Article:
Landing in Quito, the city looked mostly as I’d expected: a mixture of grime, bright colors, enticing street food, and the general feel of dust & humanity. But what I didn’t expect was how amazed I’d be at the mountains. I’ve been around mountains before, but always in the context of nature & preserved parks. Those mountains seem deliberately placed - on display for appreciation. This was my first time in a city that melds right into mountains. And more importantly, this place blends mountains, city, country, and clouds. I can only begin to imagine the wonder and awe of ancient peoples, as they discovered land that touched the skies! We took an afternoon from the trip down to Banos to ride horses along the side of the Tungurahua Volcano. The experience of riding a horse up the side of this mountain was lovely. There is a difference sense of quiet … the rhythmic thumping of the horse’s hooves, the droop of leaves heavy with the rain, and the soft crackling of twigs below my field of vision. Near the top, I stood on aromatic ground - the air thin with new sediment from the depth of the earth, cool with the mist of a translucent cloud. We took in the fresh greenery, the bright lava rocks, the fresh mineral water, and the sensation of standing inside a cloud. Looking across the valley to other clouds perched in nests of the valleys and floating along the sides of neighboring mountains eye level, it was truly the meeting of heaven & earth.
Outside the gates of the presidential palace in Quito stand guards dressed in ceremonial attire. These are actual soldiers who are picked for the honor of standing guard while the president is in the palace.
I am a Flight Attendant and I had been in Quito a few times that month. After doing quite a few of things over the month, I decided to play tourist and go on a Red Bus City tour. It's a hop on , hop off type bus and tour. It turned out to be a great and inexpensive way to see so much of the city. This was the view from the open air top going down a street....and I do mean down. It was extremely steep and narrow. How that bus driver got that double decker bus through those streets still amazes me. Quito is a great city, rather inexpensive and full of interesting squares, statutes, artisans, and culinary experiences.
I dit it! I balanced an egg on a nail. It's not easy but possible... with the energy of the Middle of the World in Quito-Ecuador!
A nice and quiet night in old town. I stayed at La Casona de la Ronda, which I highly recommend. It is located in the heart of old town, the hotel is gorgeous and you are treated like family. http://www.lacasonadelaronda.com/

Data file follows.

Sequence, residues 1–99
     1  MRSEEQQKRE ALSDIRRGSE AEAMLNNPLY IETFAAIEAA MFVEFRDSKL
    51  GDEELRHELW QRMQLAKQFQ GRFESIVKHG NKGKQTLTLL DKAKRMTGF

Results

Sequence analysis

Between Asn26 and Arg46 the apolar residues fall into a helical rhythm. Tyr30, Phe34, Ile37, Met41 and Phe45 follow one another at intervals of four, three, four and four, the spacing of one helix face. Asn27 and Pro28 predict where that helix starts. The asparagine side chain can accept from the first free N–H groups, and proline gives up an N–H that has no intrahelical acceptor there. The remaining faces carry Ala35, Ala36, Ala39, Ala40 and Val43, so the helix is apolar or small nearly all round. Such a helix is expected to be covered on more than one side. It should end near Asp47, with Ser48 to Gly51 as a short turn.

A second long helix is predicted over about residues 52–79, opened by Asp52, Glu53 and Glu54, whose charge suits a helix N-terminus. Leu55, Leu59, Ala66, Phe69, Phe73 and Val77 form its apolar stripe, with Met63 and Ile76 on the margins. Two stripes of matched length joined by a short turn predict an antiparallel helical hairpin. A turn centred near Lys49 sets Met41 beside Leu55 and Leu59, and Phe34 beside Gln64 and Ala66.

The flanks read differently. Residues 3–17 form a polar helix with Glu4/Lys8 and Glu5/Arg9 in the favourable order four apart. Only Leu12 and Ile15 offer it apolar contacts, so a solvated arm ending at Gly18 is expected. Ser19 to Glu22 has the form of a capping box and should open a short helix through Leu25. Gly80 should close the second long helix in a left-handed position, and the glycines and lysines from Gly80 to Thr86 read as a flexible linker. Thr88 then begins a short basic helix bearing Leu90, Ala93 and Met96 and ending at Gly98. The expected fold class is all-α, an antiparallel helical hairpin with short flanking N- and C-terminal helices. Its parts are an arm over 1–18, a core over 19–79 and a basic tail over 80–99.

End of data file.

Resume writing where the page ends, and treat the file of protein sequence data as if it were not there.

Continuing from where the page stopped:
Ecuador’s vibrant capital city reaches new heights with its dining scene—one that embraces its culinary history and takes it in new directions. A walk around its Centro Historico in particular will bring you to farmers’ markets and artisanal food shops where cooks shop for locally grown guaba, limes, and locally raised pork. The surrounding streets teem with upscale eateries, where chefs are putting a modern spin on traditional Quiteño dishes like locro, mazamorras, rosero, and fanesca to critical acclaim.
A somber afternoon in Quito should definitely go towards the Guyasamin museum. Oswaldo Guyasamin was an Ecuadorian artist of mixed ancestry who created artwork to illustrate human and social inequalities. This poem mounted on the wall in rough brass touched my heart - I cried because I had no shoes, Until I saw a child Who had no feet
The Feast of Epiphany – Three Kings Day – is an important celebration in many Catholic countries in Central and South America. This is especially true in Ecuador, where the celebration of the arrival of the three kings also served as an opportunity to reenact traditional Ecuadorian folk themes, many of which originated to mock Spanish colonialism. Rather than a religious event, the celebration of the arrival of the three kings becomes a popular folk festival. I was fortunate to be in Quito, Ecuador, in 2006 and accidently happen upon that year’s festivities. Along with the three kings (tossing candy to the crowd), there were marching bands and street performers of all types. Periodically the parade would come to a halt and a scene – most of which were inscrutable to me, but clearly had a social and political message – was acted out. It was colorful, chaotic, and a bit dizzying, but a great way to join in the festivities. And it happens every year.
The boutique hotel located at the historical city of San Francisco de Quito was once a mansion belonging to some of the richest families in Ecuador. The unique guest rooms are 2-story lofts with a covered patio in the center of the home. There are original paintings, fireplaces and a beautiful garden/ bar in the basement. It offers all the comforts of a 4-star hotel, in a historic home setting.
Along La Ronda street young boys and teens play an old game called trompos, in which a player tries to knock his opponents spinning top out of a circle. This boy's top is in his hand.
Limpia is a cleansing procedure which is typical of Andean medicine. It involves the use of natural herbs, oils and rubs to bestow blessings of peace, harmony and prosperity, to cure diseases and ward off traumas. You can get a treatment for $10 at one of the clinics located at Mercado de Santa Clara in historic Old Town or arrange for a personal limpia session in the privacy of your hotel room. Even if you don't believe in the ancient practice, it is still interesting to experience it.